Panama Canal

The Maersk shipping revolution is having effects on the global shipping route preferences. Since the Panama Canal has begun undergoing renovations, Maersk has made ships so large that they are practically immune from pirate raids off the horn of Africa. They have also made it more efficient from an economical standpoint to accumulate large shipments at a fraction of the fuel cost. Now a shipment from the far East can hit Natal or Miami at almost the same time either via the Suez Canal or the Panama Canal.

I know it is still “in” to be obsessed with Asia. I am definitely not an “Asian” guy. I think that most of the people in the logistics field are missing the signficance of a larger Panama Canal. Sure, the Panama Canal might now permanently loose business to it’s Suez Canal rival. However, the Panama Canal is reinforcing and strengthening the trade that will really matter in the upcoming century: inter-American commerce. The dredging and new construction in several southern ports like Houston, New Orleans, Miami, Savannah, and Norfolk will facilitate trade with Central and South America- forget Asia. Also, maybe finally the U.S. will trade more with its southern neighbors instead of primarily worrying about trade across the Atlantic.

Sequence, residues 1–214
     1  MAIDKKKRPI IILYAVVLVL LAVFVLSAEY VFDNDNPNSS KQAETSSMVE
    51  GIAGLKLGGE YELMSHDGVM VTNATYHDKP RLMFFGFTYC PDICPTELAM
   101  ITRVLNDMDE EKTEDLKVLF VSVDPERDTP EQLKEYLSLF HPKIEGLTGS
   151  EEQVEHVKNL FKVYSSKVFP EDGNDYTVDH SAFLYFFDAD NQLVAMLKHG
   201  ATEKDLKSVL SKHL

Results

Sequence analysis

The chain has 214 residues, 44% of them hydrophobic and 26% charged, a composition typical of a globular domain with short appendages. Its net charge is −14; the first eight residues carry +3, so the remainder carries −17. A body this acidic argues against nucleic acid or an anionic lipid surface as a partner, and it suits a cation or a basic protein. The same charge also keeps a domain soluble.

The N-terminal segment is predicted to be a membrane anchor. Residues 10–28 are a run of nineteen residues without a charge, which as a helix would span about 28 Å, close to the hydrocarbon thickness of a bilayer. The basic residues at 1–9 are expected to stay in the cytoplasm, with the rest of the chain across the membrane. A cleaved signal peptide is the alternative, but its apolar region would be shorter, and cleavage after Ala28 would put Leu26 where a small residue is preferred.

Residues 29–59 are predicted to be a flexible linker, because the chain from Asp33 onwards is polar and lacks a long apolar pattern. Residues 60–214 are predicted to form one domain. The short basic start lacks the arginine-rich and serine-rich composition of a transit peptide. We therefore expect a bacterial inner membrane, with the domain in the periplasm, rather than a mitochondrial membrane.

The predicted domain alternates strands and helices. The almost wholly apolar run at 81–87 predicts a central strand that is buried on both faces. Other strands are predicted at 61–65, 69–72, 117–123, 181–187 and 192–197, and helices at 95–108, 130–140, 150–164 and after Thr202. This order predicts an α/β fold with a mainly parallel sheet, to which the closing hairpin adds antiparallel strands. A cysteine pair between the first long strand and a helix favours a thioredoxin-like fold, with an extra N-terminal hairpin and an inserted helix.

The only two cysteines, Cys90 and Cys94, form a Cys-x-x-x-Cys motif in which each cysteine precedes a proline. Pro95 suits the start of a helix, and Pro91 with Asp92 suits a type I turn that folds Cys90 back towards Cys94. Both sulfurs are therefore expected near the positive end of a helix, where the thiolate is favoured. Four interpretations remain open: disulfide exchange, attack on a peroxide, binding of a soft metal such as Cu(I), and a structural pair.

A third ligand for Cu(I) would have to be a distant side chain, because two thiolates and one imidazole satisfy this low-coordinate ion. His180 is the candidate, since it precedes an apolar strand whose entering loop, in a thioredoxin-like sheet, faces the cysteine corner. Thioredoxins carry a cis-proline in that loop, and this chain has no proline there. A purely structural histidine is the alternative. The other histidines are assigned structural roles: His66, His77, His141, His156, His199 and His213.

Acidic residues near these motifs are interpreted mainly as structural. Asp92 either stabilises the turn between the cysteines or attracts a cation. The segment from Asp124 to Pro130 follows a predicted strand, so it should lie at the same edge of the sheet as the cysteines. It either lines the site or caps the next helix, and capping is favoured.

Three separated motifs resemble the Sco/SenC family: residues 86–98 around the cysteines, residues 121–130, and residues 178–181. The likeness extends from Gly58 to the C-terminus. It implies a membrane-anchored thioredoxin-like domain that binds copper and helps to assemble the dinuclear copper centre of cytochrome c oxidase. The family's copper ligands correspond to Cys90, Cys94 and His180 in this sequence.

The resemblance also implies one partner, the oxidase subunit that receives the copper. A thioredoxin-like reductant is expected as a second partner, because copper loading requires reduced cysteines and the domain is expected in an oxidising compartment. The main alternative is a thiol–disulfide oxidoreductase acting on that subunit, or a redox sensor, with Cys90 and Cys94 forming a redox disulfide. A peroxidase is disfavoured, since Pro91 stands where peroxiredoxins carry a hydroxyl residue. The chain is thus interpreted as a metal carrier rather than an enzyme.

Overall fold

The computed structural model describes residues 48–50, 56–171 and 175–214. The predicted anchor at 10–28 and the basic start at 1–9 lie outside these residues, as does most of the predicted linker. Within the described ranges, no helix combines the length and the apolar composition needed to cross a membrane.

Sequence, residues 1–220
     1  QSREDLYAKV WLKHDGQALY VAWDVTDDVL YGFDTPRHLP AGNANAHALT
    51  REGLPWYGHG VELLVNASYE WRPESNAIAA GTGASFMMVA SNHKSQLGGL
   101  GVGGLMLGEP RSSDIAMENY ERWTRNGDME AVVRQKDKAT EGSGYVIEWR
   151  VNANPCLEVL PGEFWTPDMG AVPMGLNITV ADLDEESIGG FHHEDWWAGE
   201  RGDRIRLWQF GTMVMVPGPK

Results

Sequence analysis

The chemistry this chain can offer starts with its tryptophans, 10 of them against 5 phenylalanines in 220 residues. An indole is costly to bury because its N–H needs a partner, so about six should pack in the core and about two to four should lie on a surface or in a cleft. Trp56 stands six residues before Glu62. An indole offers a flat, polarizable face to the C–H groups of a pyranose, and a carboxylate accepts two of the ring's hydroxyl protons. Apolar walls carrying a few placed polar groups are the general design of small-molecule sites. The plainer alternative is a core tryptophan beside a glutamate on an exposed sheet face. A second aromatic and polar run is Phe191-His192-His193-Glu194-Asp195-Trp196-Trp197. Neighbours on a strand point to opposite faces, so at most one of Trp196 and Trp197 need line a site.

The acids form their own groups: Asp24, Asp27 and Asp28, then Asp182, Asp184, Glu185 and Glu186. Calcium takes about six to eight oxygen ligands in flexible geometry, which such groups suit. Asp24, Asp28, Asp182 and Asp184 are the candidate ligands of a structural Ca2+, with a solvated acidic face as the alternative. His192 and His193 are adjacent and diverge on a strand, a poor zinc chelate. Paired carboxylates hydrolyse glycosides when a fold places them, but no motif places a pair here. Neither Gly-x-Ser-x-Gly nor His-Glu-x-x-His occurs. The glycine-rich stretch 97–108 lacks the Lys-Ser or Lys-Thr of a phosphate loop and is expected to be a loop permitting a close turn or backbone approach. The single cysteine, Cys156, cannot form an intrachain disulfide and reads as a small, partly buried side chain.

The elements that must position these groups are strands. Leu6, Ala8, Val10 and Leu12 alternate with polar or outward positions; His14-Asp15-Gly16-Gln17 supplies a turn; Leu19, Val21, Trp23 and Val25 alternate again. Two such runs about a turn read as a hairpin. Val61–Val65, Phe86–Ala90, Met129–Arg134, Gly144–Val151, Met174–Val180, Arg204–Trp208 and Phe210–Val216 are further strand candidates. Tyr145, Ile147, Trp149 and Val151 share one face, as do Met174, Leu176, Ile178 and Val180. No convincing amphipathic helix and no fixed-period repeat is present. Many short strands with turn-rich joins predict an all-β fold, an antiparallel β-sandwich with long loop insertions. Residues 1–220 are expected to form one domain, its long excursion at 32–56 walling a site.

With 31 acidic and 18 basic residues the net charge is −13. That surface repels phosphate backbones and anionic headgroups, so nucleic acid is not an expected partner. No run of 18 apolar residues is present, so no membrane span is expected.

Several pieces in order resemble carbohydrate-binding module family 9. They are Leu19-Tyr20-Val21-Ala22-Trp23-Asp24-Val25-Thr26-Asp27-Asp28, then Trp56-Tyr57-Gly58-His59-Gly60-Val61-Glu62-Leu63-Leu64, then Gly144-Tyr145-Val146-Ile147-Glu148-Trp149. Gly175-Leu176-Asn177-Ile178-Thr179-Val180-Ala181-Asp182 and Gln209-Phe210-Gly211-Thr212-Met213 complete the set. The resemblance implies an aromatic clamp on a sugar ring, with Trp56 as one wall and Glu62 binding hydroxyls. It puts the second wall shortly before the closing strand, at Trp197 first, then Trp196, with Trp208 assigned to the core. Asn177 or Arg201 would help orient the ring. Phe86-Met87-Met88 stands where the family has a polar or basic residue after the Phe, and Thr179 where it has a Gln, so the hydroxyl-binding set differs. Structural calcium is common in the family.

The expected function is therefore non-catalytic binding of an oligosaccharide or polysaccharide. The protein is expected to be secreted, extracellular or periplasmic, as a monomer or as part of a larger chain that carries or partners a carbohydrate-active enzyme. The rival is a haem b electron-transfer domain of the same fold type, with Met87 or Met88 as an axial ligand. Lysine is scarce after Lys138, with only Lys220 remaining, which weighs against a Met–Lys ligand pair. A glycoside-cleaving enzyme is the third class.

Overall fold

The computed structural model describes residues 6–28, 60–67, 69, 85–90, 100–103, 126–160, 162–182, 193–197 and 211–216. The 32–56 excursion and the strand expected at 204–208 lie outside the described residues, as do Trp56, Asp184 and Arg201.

I think what would be important to look out for is whether East Asian shipments can arrive quicker via the Suez Canal (or the Cape of Africa) to the eastern portions of Brazil. In particular, cities like Fortaleza or Bahia. This could be a factor that would counteract stronger inter-American trade.

Trade Routes

http://www.worldcrunch.com/eyes-on-the-u.s./the-big-winners-and-losers-of-the-panama-canal-expansion/shipping-port-of-miami-florida-california/c5s11407/

http://www.pancanal.com/eng/expansion/

http://www.pancanal.com/eng/photo/webcams-works.html

http://www.asafashar.com/images.html

http://people.hofstra.edu/geotrans/eng/ch3en/conc3en/main_maritime_shipping_routes.html

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